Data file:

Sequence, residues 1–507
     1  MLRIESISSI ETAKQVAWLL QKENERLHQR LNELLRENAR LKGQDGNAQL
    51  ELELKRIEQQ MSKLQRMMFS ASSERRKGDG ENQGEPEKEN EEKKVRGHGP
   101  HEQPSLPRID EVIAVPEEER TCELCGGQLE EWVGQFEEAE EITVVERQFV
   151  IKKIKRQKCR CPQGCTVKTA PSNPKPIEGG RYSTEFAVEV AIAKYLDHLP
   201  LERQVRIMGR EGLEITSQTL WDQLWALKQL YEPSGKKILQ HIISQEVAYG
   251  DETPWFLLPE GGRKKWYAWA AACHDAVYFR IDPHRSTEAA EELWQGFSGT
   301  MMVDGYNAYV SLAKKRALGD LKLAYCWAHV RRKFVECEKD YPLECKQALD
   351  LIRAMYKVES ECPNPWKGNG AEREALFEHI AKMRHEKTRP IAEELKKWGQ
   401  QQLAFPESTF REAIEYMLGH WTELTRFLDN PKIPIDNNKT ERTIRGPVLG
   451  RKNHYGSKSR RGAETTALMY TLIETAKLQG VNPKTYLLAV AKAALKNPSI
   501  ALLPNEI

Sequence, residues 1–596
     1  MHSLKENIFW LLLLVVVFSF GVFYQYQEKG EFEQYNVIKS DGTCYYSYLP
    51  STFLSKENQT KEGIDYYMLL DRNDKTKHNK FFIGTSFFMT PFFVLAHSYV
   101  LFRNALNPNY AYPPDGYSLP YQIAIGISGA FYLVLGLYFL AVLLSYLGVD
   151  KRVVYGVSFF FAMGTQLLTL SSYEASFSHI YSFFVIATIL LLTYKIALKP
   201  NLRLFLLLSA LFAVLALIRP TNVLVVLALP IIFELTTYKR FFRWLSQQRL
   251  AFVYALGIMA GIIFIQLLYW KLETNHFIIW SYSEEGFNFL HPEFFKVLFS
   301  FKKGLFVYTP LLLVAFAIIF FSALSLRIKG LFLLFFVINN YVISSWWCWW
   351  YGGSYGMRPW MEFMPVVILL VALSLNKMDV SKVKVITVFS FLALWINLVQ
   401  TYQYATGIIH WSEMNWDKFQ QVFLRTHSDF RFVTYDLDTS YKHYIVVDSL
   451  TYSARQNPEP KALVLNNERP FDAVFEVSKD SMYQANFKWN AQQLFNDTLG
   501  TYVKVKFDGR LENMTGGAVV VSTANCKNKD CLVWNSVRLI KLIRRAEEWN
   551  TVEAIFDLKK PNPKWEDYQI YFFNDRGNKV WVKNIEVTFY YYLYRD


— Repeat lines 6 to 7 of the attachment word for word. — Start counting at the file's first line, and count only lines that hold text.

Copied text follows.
   201  LERQVRIMGR EGLEITSQTL WDQLWALKQL YEPSGKKILQ HIISQEVAYG
   251  DETPWFLLPE GGRKKWYAWA AACHDAVYFR IDPHRSTEAA EELWQGFSGT